This ecological region leaves the highest elevations free of trees, providing hikers with impeccable views of the surrounding peaks, valleys, and alpine lakes.

The forested regions within the wilderness provide the ideal habitat for mule deer, elk, moose, black bears, and mountain lions. The last known grizzly bear in Colorado was killed in the wilderness in 1979, though there are speculations about other grizzly bears existing within the state.

elk, South San Juan Wilderness Area, Colorado

While bighorn sheep and marmots can often be spotted on the rocky hills in the area, populations of beavers inhabit some of the wetlands. Numerous species of falcons, eagles, and songbirds also live throughout the wilderness.

Human History

Humans have inhabited the land surrounding the South San Juan Wilderness for thousands of years. Indigenous people utilized the fertile land in the region to grow crops long before the arrival of American settlers.

The wilderness is part of the ancestral homelands of the Ute people. These homelands span throughout the San Juan Mountains, encompassing much of what is now southwestern Colorado and Utah. The Ute would often migrate with the changing of the seasons, living at higher elevations in the summer, and retreating to lower elevations during the winter months.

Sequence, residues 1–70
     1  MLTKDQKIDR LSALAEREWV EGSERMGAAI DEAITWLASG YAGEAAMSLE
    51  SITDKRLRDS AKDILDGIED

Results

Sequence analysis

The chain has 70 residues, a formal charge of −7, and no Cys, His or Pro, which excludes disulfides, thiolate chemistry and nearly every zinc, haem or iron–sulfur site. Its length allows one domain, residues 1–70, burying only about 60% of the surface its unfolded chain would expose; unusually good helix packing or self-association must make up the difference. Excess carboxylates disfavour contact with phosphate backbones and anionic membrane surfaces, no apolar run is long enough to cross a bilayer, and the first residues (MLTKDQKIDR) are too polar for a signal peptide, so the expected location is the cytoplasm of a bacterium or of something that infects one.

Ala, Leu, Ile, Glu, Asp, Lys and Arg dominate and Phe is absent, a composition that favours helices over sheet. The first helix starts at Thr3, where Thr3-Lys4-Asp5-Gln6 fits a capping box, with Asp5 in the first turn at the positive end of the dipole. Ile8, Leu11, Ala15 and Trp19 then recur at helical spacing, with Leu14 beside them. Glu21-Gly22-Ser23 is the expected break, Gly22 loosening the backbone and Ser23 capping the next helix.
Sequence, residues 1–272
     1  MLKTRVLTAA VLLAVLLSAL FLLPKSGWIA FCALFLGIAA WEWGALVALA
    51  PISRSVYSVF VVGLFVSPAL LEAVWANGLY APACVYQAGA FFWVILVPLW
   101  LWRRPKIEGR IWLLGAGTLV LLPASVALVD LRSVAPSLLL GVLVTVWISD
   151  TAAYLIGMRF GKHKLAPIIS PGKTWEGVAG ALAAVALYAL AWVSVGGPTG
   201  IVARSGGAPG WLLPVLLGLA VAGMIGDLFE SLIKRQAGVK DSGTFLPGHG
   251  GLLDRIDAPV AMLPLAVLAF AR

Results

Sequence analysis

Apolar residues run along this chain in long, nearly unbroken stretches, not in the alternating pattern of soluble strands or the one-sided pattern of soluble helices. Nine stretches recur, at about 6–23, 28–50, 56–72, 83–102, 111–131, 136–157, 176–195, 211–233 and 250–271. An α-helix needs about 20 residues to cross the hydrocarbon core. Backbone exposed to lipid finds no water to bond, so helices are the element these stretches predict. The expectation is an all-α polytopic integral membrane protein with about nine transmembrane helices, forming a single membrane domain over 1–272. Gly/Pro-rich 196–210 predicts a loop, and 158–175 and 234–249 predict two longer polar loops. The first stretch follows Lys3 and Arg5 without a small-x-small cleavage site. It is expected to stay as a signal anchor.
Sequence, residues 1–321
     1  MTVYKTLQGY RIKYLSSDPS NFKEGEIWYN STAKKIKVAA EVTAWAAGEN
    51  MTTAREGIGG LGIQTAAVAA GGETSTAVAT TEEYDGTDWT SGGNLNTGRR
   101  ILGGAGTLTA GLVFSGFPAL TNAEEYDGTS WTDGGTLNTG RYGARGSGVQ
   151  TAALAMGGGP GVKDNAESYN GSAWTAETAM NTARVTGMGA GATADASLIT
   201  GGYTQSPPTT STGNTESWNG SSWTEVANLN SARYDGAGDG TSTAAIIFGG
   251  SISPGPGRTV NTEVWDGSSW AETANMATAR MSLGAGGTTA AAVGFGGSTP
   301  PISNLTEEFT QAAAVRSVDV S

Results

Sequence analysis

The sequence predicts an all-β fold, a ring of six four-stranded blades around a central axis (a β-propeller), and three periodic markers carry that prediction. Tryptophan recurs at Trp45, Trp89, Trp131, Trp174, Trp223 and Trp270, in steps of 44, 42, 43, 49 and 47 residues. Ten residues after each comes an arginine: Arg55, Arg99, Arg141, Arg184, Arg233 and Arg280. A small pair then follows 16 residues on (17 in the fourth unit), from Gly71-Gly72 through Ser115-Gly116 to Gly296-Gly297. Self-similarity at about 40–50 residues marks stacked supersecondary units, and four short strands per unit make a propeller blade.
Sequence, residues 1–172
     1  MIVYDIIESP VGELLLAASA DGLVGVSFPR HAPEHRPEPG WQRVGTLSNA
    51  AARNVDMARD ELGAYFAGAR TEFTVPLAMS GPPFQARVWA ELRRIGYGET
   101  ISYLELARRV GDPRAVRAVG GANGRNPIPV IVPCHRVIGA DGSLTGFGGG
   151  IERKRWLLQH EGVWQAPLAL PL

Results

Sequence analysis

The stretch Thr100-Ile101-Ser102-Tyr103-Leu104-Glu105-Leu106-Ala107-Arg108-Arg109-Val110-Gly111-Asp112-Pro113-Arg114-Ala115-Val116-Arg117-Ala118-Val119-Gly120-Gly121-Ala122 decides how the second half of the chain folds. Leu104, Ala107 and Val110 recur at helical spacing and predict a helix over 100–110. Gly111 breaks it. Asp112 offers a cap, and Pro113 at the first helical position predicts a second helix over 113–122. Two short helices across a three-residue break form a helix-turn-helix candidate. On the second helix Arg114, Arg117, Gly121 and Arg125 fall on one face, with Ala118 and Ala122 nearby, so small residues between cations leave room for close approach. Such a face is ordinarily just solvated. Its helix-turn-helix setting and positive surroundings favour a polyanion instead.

Over the course of countless generations, the Ute established seasonal walking paths throughout the San Juan Mountains. Many of these trails would later be used by both Spanish explorers and American settlers of the region.

It wasn’t until the eighteenth century that Spanish settlers arrived in the region in hopes of finding silver to mine. During the 1820s, American settlers arrived in the San Juan Mountains. Many of the first settlers were fur trappers who soon learned about the discovery of gold.

Gold was found by settlers during the Charles Baker Expedition in the 1860s. This resulted in a large influx of Americans settling throughout the region.

A majority of the settlers in the region disregard the Ute people’s claim to their ancestral homelands. Numerous battles broke out between the two groups, with the United States government often backing up the settlers.